About a year and a half ago, I wrote an entry on this blog called The Death of Brand Loyalty, briefly noting that the days of Marlboro Men and Crown Royal drinkers were over.  There were too many exciting new spirits being released to limit oneself to a single brand.  We were entering a time when people wouldn't even purchase the same bottle twice, choosing to constantly experiment with fresh faces and new experiences.  A new gin from Siberia, why not?  Whiskey made fifty feet under the earth's crust?  Sure!  However, once the market got wind that a new craft explosion was underway, there was liquid gold rush fever, and now we're beginning to saturate the accomplishments of true artisan production in a giant sea of incompetence.  A giant sea of crap, asking you to sample its wares, taste its new pomegranate and chocolate-infused tequila, begging for a spot at K&L, "just for a month to get things going."  You'll see!  People are going to love this!  We're already big in Fresno!  Here's a big bag of shelf talkers and information sheets.

There are numerous reasons for brand loyalty.  Image would be a big one, as Mad Men has taught us.  However, most of the impulse for buying the same product over and over derives from the dependability of its quality.  The consistency of taste.  A history of doing right by the consumer.  With booze, a product that offers so many unique and intriguing flavors, the only reason to limit one's experiences would be if the majority of them ended up being negative.  Therefore, if a customer continued to try new whiskies, yet found them consistently underwhelming, they're going to eventually get tired of wasting their time, flipping around all these channels, and finding nothing but crap on TV.  Like me, they'll record Breaking Bad every Sunday, while they wait for The Walking Dead to start in a few weeks.  There comes a breaking point where too many options and too many disappointing choices take their toll on the consumer.  That's where affordable brands with consistent flavor thrive.  They may not be the most interesting, but at least you know they're not a waste of time.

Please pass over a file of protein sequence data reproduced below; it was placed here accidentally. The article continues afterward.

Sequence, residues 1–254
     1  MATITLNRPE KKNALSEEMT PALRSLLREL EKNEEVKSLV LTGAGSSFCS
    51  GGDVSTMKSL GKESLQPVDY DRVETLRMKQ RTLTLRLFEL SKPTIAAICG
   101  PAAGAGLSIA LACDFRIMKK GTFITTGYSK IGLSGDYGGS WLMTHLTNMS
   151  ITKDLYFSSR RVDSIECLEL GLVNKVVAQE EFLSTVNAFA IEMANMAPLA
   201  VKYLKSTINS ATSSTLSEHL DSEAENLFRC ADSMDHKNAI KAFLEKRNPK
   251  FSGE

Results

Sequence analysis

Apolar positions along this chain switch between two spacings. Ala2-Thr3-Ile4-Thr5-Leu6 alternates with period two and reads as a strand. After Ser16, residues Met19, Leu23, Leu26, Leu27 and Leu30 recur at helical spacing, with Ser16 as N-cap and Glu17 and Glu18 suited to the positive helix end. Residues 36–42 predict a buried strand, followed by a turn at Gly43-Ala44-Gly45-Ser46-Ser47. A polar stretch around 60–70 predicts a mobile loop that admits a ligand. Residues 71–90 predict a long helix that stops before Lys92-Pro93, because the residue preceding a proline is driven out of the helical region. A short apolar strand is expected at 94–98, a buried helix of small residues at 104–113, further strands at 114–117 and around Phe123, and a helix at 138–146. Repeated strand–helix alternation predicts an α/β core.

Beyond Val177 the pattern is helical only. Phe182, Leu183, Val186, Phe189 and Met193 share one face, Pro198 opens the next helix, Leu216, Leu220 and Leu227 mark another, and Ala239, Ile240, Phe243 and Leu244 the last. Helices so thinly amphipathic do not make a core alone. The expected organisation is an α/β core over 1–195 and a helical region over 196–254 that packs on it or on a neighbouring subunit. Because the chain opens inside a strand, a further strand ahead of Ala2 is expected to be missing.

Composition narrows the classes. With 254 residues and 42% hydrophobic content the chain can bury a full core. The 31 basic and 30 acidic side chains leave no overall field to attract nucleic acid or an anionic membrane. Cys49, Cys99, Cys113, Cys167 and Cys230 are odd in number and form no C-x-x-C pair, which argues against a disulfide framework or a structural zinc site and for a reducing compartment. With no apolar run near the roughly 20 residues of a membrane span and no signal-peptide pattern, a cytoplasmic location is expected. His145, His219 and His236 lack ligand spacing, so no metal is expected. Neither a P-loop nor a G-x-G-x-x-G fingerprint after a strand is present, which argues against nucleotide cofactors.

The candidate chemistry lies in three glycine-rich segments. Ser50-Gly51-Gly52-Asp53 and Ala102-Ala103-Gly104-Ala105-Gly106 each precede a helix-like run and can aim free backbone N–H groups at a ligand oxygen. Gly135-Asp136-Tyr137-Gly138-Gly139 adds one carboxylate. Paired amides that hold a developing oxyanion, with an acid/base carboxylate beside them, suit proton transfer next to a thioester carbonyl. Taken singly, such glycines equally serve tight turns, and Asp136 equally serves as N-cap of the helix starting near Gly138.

It's not easy convincing an adult to try something new.  We're fixed in our ways.  Getting me to watch something new on Netflix rather than a rerun of Revenge of the Nerds is hard enough ("You've already seen that a hundred times!"  "I know, but I love it!"), let alone getting me to spend money on an untested liquor brand.  Nevertheless, we've got people hooked on North Shore, Leopold's, St. George, and Blade instead of Bombay, Tanqueray, and Gordon's.  Older men come looking for Ballentine's and Famous Grouse and I give them Bank Note or Isle of Skye.  They love it and they've been coming back for more ever since.  Getting people at K&L to try new brands of liquor isn't so hard, as long as the products they're getting are truly superior and worth the extra few bucks.  However, I'm worried that the next wave of inferior distillation is going to undo some of that growing enthusiasm.